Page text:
After unstable Q1, experts still reasonably positive about APAC markets

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Goldman Sachs says it's 'increasingly constructive' on China's economic growth

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“China’s growth recovery and north Asia’s earnings rebound in 2024 remain our key investment themes and overweight areas,” Goldman Sachs’ strategists, led by Timothy Moe, composed in a Saturday note.

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It’s been a significant quarter for Asia-Pacific stock exchange, however strategists are anticipating the area to be in much better shape than its international peers.

Stocks in the Asia-Pacific were blended on the very first day of trade of the 2nd quarter of the year, with financial experts forecasting China’s healing will cushion the dampening impact of high international rate of interest on the local economy.

Mainland China’s bourses led gains in the broader area on Monday, with the Shenzhen Component closing its session 1.4% greater and the Shanghai Composite up by 0.72%.

“China’s growth recovery and north Asia’s earnings rebound in 2024 remain our key investment themes and overweight areas,” Goldman Sachs’ strategists, led by Timothy Moe, composed in a Saturday note.

The company repeated its expectations for China’s economy to grow by 6% this year– more than the federal government’s target of “around 5%.” The Goldman strategists stated their views are supported by strong activity information seen in the previous quarter.

China’s main production buying supervisors’ index increased to 52.6 in February, marking the greatest reading of factory activity information because April 2012, prior to being up to 51.9 in March.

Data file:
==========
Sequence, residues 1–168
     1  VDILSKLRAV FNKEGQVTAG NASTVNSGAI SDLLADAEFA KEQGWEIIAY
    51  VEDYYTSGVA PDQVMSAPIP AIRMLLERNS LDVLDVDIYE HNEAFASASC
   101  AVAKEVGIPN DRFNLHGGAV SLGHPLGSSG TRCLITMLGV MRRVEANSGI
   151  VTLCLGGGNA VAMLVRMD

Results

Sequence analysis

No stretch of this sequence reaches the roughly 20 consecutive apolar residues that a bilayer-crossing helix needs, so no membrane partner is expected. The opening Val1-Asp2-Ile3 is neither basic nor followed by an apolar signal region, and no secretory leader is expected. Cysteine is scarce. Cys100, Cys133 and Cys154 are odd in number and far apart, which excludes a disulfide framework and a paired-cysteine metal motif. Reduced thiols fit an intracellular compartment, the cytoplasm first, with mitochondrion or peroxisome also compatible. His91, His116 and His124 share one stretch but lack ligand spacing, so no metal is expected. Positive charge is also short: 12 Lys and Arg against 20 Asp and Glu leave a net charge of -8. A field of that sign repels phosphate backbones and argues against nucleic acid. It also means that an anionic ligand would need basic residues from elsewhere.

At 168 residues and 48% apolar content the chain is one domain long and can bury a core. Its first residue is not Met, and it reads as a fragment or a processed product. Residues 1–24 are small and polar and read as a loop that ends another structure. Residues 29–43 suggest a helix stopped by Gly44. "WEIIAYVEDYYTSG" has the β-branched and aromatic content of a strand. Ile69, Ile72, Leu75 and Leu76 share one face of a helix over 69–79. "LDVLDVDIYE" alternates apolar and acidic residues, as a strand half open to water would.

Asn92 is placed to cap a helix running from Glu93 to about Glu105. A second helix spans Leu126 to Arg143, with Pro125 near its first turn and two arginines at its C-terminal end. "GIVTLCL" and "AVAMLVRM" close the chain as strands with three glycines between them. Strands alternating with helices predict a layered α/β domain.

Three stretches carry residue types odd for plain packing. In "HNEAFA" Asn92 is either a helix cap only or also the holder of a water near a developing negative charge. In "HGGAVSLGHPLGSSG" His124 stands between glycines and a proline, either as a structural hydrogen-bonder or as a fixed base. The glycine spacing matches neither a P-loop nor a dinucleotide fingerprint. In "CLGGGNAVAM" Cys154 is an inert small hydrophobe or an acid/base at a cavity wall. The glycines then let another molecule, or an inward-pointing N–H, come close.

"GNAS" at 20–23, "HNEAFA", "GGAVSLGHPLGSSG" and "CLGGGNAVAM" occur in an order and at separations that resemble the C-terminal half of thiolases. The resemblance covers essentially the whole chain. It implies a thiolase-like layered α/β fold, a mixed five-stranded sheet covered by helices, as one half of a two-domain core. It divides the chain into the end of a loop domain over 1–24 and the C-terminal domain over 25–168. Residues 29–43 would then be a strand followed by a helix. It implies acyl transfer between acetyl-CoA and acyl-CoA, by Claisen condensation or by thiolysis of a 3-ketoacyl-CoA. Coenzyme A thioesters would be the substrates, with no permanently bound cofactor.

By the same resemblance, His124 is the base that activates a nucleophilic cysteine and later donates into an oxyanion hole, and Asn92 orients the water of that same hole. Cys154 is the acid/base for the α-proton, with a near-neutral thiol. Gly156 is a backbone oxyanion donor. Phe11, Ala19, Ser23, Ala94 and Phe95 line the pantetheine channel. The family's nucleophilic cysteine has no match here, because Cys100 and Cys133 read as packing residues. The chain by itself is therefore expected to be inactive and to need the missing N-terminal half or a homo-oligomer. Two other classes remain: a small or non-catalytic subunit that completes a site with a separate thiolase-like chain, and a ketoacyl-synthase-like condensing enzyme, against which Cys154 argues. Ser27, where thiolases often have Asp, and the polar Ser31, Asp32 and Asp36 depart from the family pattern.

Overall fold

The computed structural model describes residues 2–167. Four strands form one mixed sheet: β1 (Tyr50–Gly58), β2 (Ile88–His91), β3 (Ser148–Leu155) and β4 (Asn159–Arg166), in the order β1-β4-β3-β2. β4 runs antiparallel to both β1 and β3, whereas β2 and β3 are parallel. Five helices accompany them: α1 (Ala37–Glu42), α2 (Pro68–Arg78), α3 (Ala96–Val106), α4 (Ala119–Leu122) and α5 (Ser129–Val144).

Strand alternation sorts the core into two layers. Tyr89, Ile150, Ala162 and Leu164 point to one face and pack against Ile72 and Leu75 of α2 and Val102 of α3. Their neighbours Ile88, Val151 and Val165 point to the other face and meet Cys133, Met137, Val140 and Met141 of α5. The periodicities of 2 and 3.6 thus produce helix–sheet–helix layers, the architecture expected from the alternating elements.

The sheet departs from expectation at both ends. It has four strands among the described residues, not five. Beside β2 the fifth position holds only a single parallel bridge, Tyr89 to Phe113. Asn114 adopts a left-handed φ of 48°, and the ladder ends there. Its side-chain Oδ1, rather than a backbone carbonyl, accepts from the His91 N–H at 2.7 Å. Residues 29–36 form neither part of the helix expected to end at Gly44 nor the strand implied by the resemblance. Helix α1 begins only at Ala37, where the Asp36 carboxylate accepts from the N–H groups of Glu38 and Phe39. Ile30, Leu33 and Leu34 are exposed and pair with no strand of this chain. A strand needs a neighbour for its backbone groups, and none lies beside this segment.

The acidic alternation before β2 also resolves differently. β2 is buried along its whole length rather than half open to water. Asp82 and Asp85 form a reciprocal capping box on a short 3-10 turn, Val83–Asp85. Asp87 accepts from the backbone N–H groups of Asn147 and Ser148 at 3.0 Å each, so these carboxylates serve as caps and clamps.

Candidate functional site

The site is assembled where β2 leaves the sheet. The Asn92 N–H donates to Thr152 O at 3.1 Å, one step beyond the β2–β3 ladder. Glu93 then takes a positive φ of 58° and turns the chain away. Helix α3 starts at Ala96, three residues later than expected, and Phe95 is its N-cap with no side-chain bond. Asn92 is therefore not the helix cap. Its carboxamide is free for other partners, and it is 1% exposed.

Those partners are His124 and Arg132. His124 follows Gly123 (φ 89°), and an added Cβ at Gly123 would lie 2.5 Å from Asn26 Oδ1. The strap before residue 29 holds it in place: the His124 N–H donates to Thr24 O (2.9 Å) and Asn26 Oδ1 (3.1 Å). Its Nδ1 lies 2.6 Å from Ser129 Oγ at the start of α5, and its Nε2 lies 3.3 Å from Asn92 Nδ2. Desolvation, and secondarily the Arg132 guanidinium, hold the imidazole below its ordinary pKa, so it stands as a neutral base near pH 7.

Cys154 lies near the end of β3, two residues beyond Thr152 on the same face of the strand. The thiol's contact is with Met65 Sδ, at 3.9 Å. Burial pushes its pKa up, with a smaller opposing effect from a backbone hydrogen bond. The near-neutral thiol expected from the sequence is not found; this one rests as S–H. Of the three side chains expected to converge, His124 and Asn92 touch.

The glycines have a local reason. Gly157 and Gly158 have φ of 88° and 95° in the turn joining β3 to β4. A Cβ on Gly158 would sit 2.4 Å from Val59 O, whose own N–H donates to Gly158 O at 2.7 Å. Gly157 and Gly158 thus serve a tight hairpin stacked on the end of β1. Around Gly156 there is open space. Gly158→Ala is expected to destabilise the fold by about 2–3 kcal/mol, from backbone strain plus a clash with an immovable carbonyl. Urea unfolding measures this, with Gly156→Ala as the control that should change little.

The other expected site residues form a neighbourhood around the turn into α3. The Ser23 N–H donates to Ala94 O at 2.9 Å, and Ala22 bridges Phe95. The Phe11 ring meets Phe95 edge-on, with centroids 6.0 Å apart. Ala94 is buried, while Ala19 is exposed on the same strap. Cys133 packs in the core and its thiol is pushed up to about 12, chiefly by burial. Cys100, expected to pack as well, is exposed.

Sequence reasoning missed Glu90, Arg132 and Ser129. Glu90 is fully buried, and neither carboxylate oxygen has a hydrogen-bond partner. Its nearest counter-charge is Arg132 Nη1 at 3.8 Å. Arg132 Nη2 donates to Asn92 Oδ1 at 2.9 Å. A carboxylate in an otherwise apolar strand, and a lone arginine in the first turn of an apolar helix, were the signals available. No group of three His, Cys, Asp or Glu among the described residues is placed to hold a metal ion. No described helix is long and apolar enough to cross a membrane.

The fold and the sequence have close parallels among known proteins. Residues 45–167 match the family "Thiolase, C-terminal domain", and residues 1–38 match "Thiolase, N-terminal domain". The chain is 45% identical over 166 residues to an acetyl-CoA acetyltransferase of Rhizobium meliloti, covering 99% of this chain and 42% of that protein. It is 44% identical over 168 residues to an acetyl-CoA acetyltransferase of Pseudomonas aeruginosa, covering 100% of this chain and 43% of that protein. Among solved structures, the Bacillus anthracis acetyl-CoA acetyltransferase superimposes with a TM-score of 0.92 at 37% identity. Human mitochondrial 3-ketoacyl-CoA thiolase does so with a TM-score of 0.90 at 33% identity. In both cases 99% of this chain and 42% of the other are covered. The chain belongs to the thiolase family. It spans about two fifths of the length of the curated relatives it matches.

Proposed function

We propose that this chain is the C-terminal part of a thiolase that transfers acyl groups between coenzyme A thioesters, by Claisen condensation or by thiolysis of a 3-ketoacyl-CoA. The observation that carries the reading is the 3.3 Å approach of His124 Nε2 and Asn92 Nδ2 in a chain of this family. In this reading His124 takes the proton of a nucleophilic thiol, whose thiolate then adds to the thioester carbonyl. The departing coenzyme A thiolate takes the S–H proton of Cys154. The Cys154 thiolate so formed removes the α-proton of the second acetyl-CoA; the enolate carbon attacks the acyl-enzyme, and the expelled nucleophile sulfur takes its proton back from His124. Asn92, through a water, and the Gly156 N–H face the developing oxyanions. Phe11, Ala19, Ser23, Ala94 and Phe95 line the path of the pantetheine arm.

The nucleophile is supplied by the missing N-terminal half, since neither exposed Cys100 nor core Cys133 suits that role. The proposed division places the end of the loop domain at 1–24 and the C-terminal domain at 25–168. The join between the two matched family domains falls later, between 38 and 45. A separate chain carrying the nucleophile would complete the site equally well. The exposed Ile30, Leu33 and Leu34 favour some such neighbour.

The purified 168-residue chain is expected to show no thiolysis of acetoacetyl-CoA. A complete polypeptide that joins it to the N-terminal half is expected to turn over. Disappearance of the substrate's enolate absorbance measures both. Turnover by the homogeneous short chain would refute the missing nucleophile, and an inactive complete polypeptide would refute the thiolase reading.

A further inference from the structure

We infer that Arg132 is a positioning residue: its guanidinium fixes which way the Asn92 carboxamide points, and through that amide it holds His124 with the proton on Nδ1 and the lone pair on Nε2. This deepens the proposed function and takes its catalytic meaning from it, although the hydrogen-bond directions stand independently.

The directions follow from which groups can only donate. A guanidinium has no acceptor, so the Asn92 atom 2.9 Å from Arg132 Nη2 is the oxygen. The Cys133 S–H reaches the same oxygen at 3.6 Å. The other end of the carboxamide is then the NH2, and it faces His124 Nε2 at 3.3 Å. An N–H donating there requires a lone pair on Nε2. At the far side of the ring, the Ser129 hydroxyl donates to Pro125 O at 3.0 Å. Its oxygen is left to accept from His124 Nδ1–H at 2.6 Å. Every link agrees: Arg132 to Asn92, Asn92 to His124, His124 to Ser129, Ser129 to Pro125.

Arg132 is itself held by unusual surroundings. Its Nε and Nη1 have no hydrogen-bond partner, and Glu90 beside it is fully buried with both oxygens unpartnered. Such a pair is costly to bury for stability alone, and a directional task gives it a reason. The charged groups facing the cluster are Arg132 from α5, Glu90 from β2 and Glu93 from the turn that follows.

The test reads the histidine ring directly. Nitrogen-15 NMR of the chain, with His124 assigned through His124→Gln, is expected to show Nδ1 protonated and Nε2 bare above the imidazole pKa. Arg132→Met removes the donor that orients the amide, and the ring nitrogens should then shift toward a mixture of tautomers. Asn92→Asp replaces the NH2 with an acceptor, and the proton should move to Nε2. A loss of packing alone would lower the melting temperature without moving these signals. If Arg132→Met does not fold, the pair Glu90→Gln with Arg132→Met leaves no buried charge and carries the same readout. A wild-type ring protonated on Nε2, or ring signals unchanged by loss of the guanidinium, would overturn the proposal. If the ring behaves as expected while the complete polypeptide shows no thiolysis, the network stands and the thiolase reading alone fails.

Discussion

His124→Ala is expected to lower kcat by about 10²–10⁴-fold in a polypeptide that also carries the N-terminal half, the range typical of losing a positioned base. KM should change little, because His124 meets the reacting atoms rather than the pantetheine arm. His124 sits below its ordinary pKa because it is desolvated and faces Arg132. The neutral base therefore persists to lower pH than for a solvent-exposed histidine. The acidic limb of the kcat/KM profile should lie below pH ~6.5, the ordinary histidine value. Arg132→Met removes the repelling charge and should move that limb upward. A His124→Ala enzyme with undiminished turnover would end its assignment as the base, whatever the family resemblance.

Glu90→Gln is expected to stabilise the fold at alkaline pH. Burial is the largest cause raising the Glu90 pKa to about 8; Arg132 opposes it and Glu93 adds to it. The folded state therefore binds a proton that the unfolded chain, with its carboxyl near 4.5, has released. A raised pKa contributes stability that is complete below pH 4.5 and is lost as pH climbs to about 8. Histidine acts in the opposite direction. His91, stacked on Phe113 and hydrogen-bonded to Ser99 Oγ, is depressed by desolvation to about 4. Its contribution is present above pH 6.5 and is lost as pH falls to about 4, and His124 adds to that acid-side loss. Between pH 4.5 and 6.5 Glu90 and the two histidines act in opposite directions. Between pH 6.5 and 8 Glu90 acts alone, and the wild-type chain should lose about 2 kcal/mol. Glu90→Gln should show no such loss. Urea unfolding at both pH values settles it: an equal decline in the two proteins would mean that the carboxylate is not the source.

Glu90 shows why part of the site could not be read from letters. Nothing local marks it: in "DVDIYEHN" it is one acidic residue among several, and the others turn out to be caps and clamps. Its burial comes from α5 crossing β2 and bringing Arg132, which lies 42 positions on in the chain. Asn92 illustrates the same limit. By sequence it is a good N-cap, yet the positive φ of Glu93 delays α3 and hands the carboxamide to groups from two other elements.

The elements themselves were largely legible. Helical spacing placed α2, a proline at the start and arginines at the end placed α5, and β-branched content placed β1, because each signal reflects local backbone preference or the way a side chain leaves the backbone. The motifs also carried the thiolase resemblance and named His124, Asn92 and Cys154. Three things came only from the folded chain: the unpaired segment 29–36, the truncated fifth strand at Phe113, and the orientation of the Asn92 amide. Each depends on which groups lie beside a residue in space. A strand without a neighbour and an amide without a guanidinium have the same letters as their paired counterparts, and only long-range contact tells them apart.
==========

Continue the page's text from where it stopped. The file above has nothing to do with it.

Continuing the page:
S&P Global Ratings, in its 2nd quarter outlook report, included that although China’s development might not entirely eliminate the effect of a worldwide downturn on Asia-Pacific markets, it will supply some assistance.

“China’s economy is on track to recover this year. For other economies this will dampen but not offset the hit of slower growth in the U.S. and Europe, the fading impact of domestic re-opening post the pandemic, and higher interest rates,” S&&(***************************************************************************************************************************************************************************************************************************************************************************** )Asia-(**************************************************************************************************************************************************************************************************************************************************************************** )financial experts Louis Kuijs and Vishrut Rana composed in the report.

“We maintain our cautiously optimistic outlook for Asia-Pacific,” S&P financial experts composed.

‘Rollercoaster’ Q1

Goldman Sachs strategists indicated the volatility seen in Asia-Pacific stocks in the very first quarter for the year.

“The first quarter of 2023 was a rollercoaster for investors in Asian regional equities,” the strategists composed in the note.

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The MSCI Asia Pacific ex-Japan index saw gains of approximately 11%, peaking at around 560 levels at completion of January.

It eliminated all of the gains by mid-March to fall listed below levels seen at the start of the year, and just recently saw a rally of about 5%. That puts the index at a year-to-date gain of 3.62% since recently’s close.

The index fell almost 0.24% in an unpredictable very first trading day of the quarter on Monday.

‘Relatively resistant’ to banking tensions

Goldman Sachs strategists included that total macroeconomic conditions are helpful for markets in the Asia-Pacific

“The partial replacement of expectations of higher Fed rate hikes by lower US growth is relatively more favorable for most Asian economies,” Goldman strategists composed, including that “Asia appears reasonably resistant to the current DM [developed markets] banking tensions,” describing current banking chaos in the United States and Europe.

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BNP Paribas took a comparable view.

“We think risks to Asian banks are limited,” BNP Paribas’ Manishi Raychaudhuri stated in a March 27 note, explaining the area’s debt-to-GDP ratios as reasonably “safe.”

“Asia’s USD debt fell over the past 3 years and most Asian economies’ forex reserves appear safe relative to forex debt,” he composed in the note.

“Liquidity remains abundant in Asia. Interest rates also have not risen too sharply in Asia,” he stated.